Highlights from the 14th Annual Conference of the American Psychosocial Oncology Society (APOS), February 2017
In mid-February, I attended and presented at the 14th Annual Conference of the American Psychosocial Oncology Society (APOS) in Orlando, FL. Attendees were an interprofessional group of 400+ physicians, psychologists, nurses, social workers, and other providers interested in the psychosocial care of patients with cancer – from 44 states and 33 countries.
The theme of the conference was, “Across the Lifespan: Achieving Equity in Psychosocial Oncology from Pediatrics to Geriatrics,” and the conference was organized into pediatric/adolescent and young adult (AYA), adult, and geriatric sessions and tracks.
Some highlights of what I heard discussed at the conference:
- In the opening plenary session, Dr. Steve Cole explained “how the brain talks to cancer” through neural regulation, discussing how psychosocial interventions with patients might change the molecular genetics of tumor cells.
- The term ‘metavivorship’ was used when describing the unique life experiences of young women with metastatic breast cancer.
- Providers need to be aware of how care delivery changes when a patient turns 18 years old (legal age) during cancer treatment.
- Some geriatric patients with cancer demonstrate physical resilience and may also psychologically cope better than younger patients.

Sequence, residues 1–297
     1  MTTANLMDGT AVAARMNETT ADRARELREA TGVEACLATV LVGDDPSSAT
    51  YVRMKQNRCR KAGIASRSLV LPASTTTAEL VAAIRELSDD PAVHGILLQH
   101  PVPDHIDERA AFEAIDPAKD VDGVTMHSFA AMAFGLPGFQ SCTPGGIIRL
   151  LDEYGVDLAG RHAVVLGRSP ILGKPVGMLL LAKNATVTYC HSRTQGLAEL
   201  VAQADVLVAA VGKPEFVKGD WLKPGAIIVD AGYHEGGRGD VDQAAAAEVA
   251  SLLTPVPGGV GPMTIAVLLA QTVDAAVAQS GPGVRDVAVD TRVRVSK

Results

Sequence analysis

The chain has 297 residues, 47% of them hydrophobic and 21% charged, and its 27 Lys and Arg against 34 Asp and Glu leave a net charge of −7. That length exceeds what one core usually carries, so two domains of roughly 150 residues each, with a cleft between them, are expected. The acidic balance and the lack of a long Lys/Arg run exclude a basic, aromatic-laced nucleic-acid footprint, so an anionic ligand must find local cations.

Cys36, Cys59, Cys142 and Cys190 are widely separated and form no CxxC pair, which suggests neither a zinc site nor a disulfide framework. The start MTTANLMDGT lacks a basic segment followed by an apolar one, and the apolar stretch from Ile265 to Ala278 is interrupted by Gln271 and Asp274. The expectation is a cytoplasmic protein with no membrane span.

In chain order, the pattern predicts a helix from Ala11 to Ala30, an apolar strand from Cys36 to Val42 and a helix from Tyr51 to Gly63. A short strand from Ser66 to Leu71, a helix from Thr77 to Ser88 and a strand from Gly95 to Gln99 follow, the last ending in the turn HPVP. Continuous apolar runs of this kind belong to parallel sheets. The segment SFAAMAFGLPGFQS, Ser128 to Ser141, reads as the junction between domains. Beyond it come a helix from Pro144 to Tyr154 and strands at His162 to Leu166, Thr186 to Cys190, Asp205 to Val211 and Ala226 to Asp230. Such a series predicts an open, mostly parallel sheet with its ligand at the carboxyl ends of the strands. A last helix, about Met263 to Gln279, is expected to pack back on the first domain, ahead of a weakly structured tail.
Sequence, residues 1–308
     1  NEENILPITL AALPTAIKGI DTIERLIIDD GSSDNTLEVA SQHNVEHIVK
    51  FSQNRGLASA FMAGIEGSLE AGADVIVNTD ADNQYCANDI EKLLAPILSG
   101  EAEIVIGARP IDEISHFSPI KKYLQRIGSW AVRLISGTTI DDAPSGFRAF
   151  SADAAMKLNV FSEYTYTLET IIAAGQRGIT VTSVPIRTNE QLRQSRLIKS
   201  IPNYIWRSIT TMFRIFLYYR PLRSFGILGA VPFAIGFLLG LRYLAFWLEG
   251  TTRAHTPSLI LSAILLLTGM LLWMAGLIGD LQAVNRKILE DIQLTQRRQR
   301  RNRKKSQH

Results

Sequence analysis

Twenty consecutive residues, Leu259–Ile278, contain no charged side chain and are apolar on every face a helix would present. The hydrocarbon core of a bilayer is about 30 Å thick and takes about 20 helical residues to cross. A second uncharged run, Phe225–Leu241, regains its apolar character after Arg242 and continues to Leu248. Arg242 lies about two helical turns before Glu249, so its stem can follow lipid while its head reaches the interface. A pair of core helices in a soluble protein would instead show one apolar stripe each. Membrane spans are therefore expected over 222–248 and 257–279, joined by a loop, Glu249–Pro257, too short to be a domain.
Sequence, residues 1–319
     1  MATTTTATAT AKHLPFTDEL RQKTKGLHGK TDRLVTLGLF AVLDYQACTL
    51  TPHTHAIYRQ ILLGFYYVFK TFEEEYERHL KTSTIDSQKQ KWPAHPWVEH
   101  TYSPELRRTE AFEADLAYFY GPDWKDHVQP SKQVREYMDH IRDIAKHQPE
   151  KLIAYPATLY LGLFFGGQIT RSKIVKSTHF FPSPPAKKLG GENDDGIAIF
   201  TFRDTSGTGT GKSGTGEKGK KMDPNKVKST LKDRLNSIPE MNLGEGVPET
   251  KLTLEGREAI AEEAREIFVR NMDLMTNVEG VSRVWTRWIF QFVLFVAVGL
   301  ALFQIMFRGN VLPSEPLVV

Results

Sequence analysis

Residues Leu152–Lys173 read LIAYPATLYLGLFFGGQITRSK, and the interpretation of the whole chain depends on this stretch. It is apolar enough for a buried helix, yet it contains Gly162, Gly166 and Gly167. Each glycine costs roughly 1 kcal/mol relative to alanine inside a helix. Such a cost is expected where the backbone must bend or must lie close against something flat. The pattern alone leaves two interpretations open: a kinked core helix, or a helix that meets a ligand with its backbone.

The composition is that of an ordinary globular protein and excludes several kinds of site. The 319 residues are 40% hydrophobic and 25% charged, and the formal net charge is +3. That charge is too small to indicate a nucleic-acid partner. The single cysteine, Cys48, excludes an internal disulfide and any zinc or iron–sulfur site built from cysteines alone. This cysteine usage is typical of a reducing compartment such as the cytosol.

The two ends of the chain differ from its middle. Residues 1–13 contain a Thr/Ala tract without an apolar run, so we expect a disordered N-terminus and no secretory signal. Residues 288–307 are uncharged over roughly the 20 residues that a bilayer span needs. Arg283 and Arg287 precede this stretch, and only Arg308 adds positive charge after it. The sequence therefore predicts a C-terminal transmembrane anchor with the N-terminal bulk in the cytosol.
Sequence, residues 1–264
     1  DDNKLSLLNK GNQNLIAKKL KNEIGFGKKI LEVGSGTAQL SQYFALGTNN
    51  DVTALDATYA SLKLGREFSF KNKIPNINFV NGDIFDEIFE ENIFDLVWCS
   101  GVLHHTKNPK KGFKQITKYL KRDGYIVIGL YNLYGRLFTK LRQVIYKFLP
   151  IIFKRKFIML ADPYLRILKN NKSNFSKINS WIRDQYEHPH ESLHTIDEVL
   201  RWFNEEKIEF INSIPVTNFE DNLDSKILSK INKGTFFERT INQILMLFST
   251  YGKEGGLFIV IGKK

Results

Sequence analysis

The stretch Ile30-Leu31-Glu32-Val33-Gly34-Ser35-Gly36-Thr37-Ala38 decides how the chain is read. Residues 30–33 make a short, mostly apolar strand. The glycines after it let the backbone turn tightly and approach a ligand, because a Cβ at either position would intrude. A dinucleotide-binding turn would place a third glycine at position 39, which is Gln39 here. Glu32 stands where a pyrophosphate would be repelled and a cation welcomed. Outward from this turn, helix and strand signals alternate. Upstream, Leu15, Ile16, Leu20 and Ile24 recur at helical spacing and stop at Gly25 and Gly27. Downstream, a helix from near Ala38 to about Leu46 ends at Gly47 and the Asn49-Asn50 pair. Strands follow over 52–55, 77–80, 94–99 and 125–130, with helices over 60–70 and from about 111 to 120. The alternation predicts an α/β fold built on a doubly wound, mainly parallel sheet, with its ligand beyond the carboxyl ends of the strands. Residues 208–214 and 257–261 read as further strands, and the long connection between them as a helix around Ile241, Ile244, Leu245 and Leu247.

- The Pediatric Psychosocial Standards of Care, published in Dec 2015, are in the process of being endorsed by multiple professional groups and are beginning to be implemented in pediatric care settings across the country.
- In one pilot study, the Internet was used to recruit young adults with advanced cancer for participation in a study that delivered a gratitude intervention.
- The treatment of severe anxiety, depression, and delirium in children with complex medical disorders is limited because of the adverse effects of many psycho-pharmacologic agents.
- In the closing plenary session, Dr. Steve Bonanno shared evidence from multiple studies using latent growth mixture modeling analyses that roughly two thirds of us show a resilient response after a diversity of aversive circumstances, such as trauma, divorce, a heart attack, stroke, or a cancer diagnosis.
Jeanne M. Erickson, PhD, RN, AOCN
Assistant Professor, University of Wisconsin-Milwaukee
Photo (from left to right):
Lauri Linder, PhD, APRN, CPON
Jeanne Erickson, PhD, RN, AOCN
Nancy Woods, PhD, RN, FAAN
Kristin Stegenga, PhD, RN, CPON